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Country of a Marriage: Stories [Kindle Edition]

Anthony Giardina
4.9 out of 5 stars  See all reviews (8 customer reviews)

Print List Price: $15.00
Kindle Price: $11.99
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Sold by: Random House LLC

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Book Description

The Country of Marriage is a window into the lives of men as they confront the darkness at the heart of domestic existence. And with this collection of stories, Anthony Giardina takes his place among the finest writers of short fiction in America today. His work has appeared in Harper's, Esquire, GQ, and The New York Times Magazine and has been showcased alongside the work of such contemporary giants as Tobias Wolff and Robert Stone. He is that rare artist whose stories will endure.

The Country of Marriage shows, with frightening clarity, that the most ordinary lives are fraught with secret dreams and frustrations that can both support and sabotage everyday love. Giardina looks at our relationships--with an eye capable of clinical precision but never devoid of compassion--and gives voice to the emotions that lie unexplored and unexpressed beneath their seemingly placid surface.

In "Days with Cecilia,'' a highly articulate shop teacher reveals by attrition the sexual secret of his marriage. In "The Lake," a young fireman confronts his complicity in the murder of his best friend's wife. And in "The Films of Richard Egan," the aborted career of an almost-was film star finds its echo in a suburban boy's life.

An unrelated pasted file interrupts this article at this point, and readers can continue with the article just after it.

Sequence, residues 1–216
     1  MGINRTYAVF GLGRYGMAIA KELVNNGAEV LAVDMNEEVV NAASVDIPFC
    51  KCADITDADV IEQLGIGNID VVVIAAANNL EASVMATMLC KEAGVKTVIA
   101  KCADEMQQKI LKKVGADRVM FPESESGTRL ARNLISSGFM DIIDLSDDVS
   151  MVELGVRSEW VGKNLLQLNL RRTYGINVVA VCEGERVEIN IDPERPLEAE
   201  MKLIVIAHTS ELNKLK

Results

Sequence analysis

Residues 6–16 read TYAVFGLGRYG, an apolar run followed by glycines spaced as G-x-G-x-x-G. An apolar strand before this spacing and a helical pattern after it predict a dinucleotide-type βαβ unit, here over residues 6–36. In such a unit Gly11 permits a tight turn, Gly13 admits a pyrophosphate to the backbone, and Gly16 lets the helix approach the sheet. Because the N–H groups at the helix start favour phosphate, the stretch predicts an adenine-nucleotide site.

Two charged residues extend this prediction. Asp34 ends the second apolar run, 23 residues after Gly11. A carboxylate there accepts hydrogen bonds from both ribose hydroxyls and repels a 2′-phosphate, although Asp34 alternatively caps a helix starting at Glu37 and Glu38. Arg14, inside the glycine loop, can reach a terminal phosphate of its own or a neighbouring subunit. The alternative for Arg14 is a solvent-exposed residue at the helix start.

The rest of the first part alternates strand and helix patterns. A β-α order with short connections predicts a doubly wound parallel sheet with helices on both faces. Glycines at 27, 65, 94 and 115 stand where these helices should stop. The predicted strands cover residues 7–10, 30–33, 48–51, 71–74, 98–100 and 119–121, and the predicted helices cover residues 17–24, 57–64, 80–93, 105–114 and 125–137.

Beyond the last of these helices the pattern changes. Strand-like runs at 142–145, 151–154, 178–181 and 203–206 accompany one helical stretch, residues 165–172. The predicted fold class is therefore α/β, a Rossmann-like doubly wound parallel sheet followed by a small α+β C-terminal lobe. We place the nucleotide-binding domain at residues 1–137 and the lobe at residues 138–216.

These are emotional landscapes at once familiar and unsettling, with characters who are instantly recognizable but endlessly surprising. Brilliantly observed and masterfully told, The Country of Marriage is an unforgettable montage of lives of dwindling promise, of stubborn hope, of emotional atrophy, and of the courage to take root in the indifferent soil of modern existence.

Editorial Reviews

From Library Journal

This collection of short stories examines long-term relationships and coping methods used by partners who become bored. Not one of Giardina's couples is very happy. Most struggle with the crisis of wanting more. Partners yearn for a broader, more diverse, more ambitious circumference to their lives. In "Days with Cecelia" a new father prefers caring for his child to making love to his wife. In "The Lake" a small town firefighter becomes an accessory to the murder of his lover by her enraged husband. Adultery, alcohol, divorce, death, deception, and resignation all figure prominently in the outcomes of these stories. Characters are diverse and drawn with a keen eye for detail.The emotions explored are bitter-sweet at best and do not really recommend the institution of marriage. These pieces are elegantly crafted. Recommended.?Joanna M. Burkhardt, Univ. of Rhode Island Coll. of Continuing Education Lib., Watch Hill